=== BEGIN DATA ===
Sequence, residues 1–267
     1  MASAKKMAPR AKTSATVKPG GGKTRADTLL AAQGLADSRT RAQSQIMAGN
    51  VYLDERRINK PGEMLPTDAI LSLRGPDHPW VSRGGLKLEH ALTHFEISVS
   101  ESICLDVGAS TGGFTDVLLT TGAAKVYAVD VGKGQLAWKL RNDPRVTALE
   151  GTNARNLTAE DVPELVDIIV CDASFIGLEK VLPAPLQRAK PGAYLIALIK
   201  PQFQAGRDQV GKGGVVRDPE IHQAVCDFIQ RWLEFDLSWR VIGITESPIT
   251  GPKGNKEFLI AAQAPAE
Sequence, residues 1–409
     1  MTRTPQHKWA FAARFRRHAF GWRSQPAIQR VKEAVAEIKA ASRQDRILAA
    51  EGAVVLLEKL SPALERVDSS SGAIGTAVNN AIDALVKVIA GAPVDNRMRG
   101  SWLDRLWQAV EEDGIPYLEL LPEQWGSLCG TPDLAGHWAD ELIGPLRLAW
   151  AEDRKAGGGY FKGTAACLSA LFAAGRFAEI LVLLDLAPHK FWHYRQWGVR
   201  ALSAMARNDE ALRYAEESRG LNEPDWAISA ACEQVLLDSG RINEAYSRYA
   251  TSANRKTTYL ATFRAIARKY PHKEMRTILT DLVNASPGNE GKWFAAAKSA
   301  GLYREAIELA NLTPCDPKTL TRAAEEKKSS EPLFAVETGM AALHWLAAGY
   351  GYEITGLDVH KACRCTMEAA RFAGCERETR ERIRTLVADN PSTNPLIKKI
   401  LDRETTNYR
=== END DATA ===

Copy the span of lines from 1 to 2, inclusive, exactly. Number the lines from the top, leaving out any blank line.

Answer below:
Sequence, residues 1–267
     1  MASAKKMAPR AKTSATVKPG GGKTRADTLL AAQGLADSRT RAQSQIMAGN